A: Gayle-I can't tell you when to consider euthanasia without knowing a great deal more about you and your dog -- more than it is possible to know "over the computer", probably. Kidney disease in dogs is harder to control long term than it is in cats. In general it has a poor long term prognosis if there is not a correctable underlying cause. Despite this, some dogs do well for considerable periods of time after the initial recognition of their kidney problems. Depending on the lab values (how bad the damage appears) it may be worthwhile to clean the teeth and remove severely affected ones. This can help reduce the amount of discomfort and stress and increase the chances of successfully dealing with the renal disease.

It would be best to discuss your concerns with your vet in this case. Most vets are willing to spend a little extra time to counsel clients when euthanasia is being considered.

Mike Richards, DVM

The decision to euthanize - when is it time?

Q: Dr. Mike: I have a black Labrador Retriever who is 13 years old. He has hip dysplasia (was born with it), and it has steadily grown worse. It is now to the point where it takes him up to a minute to get up. My wife and I have a 5-year-old daughter who is very attached to the dog. We've often discussed what to do as the inevitable approaches. Once our dog can get to his feet, for the most part he's fine, able to go on short walks. He does not appear to be in any pain and does not whimper. However, he's been falling a lot, which has caused us to start thinking about putting him to sleep ... but at what point? And what do you tell children at that age? Our dog has received Cosequin as a test by our local university. Didn't know if he actually received it or was part of a placebo group. No real benefits seen. Our dog cannot keep aspirin in his stomach. Nor Ecotrin. Hip surgery has been discussed and some other medications, yet we're trying to weigh the financial considerations, chances for recovery, age of the dog, and impact upon our child. Thank you for any assistance you can provide in helping us work through this time. J.C. Missouri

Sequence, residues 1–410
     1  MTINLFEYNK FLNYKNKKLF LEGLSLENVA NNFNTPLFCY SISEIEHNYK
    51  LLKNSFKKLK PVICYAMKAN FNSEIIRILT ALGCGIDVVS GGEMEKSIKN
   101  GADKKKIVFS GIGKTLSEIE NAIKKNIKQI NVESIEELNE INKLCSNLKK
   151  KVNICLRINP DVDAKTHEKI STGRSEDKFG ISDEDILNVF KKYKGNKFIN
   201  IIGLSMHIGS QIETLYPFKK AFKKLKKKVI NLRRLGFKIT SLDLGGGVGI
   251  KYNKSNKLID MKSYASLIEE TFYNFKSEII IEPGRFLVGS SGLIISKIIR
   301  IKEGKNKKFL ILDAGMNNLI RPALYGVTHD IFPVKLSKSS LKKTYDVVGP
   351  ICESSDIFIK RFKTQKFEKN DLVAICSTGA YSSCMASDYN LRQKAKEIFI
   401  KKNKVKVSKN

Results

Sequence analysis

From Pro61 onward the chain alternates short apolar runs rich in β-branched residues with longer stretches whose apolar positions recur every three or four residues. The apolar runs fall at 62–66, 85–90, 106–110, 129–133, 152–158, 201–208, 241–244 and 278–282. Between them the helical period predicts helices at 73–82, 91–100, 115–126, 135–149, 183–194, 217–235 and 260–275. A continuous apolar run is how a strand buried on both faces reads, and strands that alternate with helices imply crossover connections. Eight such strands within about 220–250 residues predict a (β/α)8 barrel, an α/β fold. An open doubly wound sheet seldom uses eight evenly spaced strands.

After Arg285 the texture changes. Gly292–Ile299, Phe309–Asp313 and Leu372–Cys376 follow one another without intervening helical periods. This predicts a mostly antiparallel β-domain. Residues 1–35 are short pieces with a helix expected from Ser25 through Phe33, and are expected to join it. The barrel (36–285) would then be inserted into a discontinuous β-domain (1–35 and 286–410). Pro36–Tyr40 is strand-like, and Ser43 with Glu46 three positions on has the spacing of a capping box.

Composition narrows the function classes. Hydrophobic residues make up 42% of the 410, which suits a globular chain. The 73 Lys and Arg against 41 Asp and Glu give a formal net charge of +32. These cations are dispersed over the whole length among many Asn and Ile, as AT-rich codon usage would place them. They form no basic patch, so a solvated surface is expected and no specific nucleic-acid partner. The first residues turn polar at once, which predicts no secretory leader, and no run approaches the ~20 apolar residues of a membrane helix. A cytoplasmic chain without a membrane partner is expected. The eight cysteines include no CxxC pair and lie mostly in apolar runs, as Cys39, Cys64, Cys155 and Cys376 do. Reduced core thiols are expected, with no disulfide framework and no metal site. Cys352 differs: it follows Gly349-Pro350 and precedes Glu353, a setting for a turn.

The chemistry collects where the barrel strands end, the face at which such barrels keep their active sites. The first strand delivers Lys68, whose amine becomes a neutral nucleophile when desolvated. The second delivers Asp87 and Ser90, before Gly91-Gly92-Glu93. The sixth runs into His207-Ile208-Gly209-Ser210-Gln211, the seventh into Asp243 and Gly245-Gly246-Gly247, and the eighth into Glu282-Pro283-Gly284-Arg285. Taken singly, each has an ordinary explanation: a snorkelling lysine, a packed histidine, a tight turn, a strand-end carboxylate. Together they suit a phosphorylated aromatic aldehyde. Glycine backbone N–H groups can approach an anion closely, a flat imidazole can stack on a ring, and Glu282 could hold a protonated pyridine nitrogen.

A: J.C. - I am sorry for the delay in replying to your question. Our site just got busy enough to overwhelm me. I am hoping that you have tried carprofen (Rimadyl Rx) in the time since you wrote. This medication can have amazing results in dogs with degenerative joint diseases. I have a good friend and patient who could just barely walk a month ago who is going up and down stairs now since being put on Rimadyl. If you have tried this and it hasn't been helpful or if it upsets your dog's stomach, too, don't give up before using corticosteroids. These are a last resort because of side effects but when you compare any possible side effect with euthanasia it is usually better to risk the side effect. Especially since they are not as common as people think when using cortisones in dogs.

Handling the eventual decision to euthanize when young children are involved is harder to give general advice about. Very young children do not seem to notice the loss of a pet very much, at least based on the conversations I have had with a number of clients and experiences with my children. Some children will have developed a strong sensitivity to death by five or six but most of the time the really strong reactions occur in kids who are eight or nine or older. There is a time in adolescence when the loss of a pet seems to be especially difficult. It seems to correspond to the time when teens are searching for some idea of who is really on their side in life. Since pets can almost always be counted on as friends, their loss is very hard during this time. I am not a psychologist and these are simply my observations. I suspect that your daughter will do better than you think when the time comes but that you will have to help her understand. Just the fact that you are worried about it is a good sign and I think you'll do OK.

Mike Richards, DVM


Michael Richards, D.V.M. co-owns a small animal general veterinary practice in rural tidewater Virginia. Dr. Richards graduated from Iowa State University's College of Veterinary Medicine in 1979, and has been in private practice ever since. Dr. Richards has been the director of the PetCare Forum...